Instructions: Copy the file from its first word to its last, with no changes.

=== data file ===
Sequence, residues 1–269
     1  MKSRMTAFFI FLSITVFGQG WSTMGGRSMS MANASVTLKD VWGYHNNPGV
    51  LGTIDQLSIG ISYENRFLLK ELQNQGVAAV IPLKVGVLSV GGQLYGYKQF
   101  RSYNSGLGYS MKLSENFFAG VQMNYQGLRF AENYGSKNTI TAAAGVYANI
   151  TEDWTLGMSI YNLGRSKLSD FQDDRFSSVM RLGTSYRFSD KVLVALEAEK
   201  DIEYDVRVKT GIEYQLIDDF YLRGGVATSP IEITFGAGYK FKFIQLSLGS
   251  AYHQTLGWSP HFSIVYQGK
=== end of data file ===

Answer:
Sequence, residues 1–269
     1  MKSRMTAFFI FLSITVFGQG WSTMGGRSMS MANASVTLKD VWGYHNNPGV
    51  LGTIDQLSIG ISYENRFLLK ELQNQGVAAV IPLKVGVLSV GGQLYGYKQF
   101  RSYNSGLGYS MKLSENFFAG VQMNYQGLRF AENYGSKNTI TAAAGVYANI
   151  TEDWTLGMSI YNLGRSKLSD FQDDRFSSVM RLGTSYRFSD KVLVALEAEK
   201  DIEYDVRVKT GIEYQLIDDF YLRGGVATSP IEITFGAGYK FKFIQLSLGS
   251  AYHQTLGWSP HFSIVYQGK